By Olivia Kumwenda-Mtambo and Alexander Winning
JOHANNESBURG (Reuters) - Leaders of the BRICS bloc of emerging economies, meeting in the wake of tariff threats by U.S. President Donald Trump, signed a declaration supporting an open and inclusive multilateral trading system under World Trade Organisation rules at their summit in South Africa on Thursday.
Brazil, Russia, India, China and South Africa agreed at the three-day meeting to fight unilateralism and protectionism.
"We reaffirm the centrality of the rules-based, transparent, non-discriminatory, open and inclusive multilateral trading system, as embodied in the World Trade Organisation, that promotes a predictable trade environment and the centrality of the WTO," the declaration signed by the five leaders said.
The leaders said: "We recognise that the multilateral trading system is facing unprecedented challenges. We underscore the importance of an open world economy."
They called on all WTO members to abide by WTO rules.
The meeting of BRICS leaders is the first since the U.S. administration launched a push to rebalance trade multilateralism that Trump has deemed unfair - relationships that the United States once championed.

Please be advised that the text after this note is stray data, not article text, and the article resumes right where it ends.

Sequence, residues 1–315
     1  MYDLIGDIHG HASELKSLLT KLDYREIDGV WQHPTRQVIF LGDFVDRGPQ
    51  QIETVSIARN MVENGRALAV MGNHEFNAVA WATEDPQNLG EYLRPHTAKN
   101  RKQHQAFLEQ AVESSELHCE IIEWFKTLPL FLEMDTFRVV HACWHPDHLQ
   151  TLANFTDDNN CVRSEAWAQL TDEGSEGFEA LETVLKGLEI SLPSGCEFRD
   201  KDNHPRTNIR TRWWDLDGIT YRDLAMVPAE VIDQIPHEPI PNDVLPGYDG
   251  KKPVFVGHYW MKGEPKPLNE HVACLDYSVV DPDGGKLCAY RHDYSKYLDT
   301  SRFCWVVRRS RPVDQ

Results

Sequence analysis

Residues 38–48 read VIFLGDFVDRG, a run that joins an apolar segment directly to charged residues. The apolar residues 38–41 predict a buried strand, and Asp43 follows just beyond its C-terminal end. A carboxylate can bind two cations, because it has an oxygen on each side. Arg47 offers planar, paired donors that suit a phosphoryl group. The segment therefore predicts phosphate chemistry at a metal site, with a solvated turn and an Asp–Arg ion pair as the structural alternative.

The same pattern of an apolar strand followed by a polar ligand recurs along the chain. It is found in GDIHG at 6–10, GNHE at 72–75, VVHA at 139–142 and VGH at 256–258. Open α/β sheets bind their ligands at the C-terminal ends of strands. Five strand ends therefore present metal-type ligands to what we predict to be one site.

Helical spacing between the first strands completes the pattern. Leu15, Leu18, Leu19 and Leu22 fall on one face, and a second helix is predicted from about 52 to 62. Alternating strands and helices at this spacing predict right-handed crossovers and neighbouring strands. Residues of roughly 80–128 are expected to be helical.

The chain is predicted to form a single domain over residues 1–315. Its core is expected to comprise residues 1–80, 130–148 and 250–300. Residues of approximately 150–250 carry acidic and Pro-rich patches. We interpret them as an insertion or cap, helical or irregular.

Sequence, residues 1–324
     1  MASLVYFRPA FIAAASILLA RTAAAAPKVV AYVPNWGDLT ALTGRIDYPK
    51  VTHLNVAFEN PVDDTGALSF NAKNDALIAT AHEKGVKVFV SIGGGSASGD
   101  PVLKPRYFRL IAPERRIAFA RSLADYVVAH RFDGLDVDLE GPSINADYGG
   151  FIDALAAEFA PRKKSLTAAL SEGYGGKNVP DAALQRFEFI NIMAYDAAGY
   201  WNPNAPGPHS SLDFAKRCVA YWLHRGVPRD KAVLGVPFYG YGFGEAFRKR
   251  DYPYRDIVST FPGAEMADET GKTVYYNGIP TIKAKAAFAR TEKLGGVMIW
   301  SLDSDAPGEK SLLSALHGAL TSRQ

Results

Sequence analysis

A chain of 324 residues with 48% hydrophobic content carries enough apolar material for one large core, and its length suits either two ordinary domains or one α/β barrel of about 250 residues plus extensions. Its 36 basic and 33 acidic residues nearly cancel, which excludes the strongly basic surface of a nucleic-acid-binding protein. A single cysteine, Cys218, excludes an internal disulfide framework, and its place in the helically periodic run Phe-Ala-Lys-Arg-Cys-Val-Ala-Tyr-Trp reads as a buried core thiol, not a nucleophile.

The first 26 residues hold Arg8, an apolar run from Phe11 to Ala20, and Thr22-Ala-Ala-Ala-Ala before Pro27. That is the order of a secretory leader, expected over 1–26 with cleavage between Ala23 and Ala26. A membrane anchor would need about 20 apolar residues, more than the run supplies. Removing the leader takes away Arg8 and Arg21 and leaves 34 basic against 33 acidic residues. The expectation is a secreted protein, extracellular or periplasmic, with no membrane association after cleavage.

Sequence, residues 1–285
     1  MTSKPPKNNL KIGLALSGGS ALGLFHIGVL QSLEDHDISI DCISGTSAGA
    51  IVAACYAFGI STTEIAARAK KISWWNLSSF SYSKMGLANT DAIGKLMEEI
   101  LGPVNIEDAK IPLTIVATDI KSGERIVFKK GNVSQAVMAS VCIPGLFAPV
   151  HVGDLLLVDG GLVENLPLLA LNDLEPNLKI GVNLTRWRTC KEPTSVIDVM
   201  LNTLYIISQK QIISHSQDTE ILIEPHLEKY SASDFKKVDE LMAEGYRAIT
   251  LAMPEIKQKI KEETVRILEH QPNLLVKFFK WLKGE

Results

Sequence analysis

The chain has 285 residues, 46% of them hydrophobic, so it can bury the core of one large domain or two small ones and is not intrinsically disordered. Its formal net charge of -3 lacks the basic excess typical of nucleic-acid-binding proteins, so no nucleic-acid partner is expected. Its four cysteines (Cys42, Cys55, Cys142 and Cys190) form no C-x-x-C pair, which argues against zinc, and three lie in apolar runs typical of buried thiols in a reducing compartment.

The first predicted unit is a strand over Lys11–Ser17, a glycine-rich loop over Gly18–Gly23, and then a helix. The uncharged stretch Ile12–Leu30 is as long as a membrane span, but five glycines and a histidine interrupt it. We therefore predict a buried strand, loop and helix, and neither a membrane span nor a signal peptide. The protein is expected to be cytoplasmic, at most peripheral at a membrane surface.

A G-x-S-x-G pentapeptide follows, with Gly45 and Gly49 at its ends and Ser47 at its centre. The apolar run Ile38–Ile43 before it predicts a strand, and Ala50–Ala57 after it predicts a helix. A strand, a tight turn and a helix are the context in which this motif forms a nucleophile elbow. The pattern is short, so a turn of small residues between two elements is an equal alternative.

Earlier on Thursday, Chinese President Xi Jinping called for a concerted effort by global institutions such as the United Nations and the WTO to fight unilateralism and protectionism.
Xi, who leads the world's second-biggest economy, also called for dialogue to settle disputes on global trade, underlining remarks he made at the opening of the summit the previous day.
"We must work together ... to safeguard the rule-based multilateral trading regime, promote trade and investment, globalisation and facilitation, and reject protectionism outright," Xi said.
On Wednesday, Xi said there would be no winner in a global trade war.
Russian President Vladimir Putin called for more trade within the BRICS bloc.
"We should work to reduce administrative barriers to stimulate trade between our countries," Putin said.
Indian Prime Minister Narendra Modi called for the bloc's members to harness technology to develop their economies.
A handful of protesters gathered near the conference hall where the summit was being held. Their leader, activist Trevor Ngwane, said "none of these heads of state speak for the working class or the poor".
He handed a list of complaints to South African Public Works Minister Thilas Nxesi, who said the BRICS forum would help attract investment and create jobs.
"The forum must not be seen as if it is for the rich or the bourgeoisie," he said.
(Additional reporting by Nomvelo Chalumbira; Writing by James Macharia; Editing by Andrew Bolton)